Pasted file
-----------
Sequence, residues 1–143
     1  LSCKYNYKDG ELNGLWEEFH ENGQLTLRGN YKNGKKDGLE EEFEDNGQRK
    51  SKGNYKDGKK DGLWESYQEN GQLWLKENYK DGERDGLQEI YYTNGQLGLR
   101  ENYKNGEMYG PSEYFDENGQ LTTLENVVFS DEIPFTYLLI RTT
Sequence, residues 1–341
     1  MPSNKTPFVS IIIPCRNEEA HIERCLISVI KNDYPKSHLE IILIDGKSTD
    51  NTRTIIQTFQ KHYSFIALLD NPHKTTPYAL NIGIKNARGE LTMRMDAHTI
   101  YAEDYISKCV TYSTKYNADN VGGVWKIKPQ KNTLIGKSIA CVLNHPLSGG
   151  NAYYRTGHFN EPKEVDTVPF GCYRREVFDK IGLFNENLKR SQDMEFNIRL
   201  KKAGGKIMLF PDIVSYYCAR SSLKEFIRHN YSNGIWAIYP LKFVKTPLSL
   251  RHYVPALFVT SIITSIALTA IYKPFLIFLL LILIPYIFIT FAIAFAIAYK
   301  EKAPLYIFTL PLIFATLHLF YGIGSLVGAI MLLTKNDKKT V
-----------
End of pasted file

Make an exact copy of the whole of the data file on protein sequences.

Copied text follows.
Sequence, residues 1–143
     1  LSCKYNYKDG ELNGLWEEFH ENGQLTLRGN YKNGKKDGLE EEFEDNGQRK
    51  SKGNYKDGKK DGLWESYQEN GQLWLKENYK DGERDGLQEI YYTNGQLGLR
   101  ENYKNGEMYG PSEYFDENGQ LTTLENVVFS DEIPFTYLLI RTT
Sequence, residues 1–341
     1  MPSNKTPFVS IIIPCRNEEA HIERCLISVI KNDYPKSHLE IILIDGKSTD
    51  NTRTIIQTFQ KHYSFIALLD NPHKTTPYAL NIGIKNARGE LTMRMDAHTI
   101  YAEDYISKCV TYSTKYNADN VGGVWKIKPQ KNTLIGKSIA CVLNHPLSGG
   151  NAYYRTGHFN EPKEVDTVPF GCYRREVFDK IGLFNENLKR SQDMEFNIRL
   201  KKAGGKIMLF PDIVSYYCAR SSLKEFIRHN YSNGIWAIYP LKFVKTPLSL
   251  RHYVPALFVT SIITSIALTA IYKPFLIFLL LILIPYIFIT FAIAFAIAYK
   301  EKAPLYIFTL PLIFATLHLF YGIGSLVGAI MLLTKNDKKT V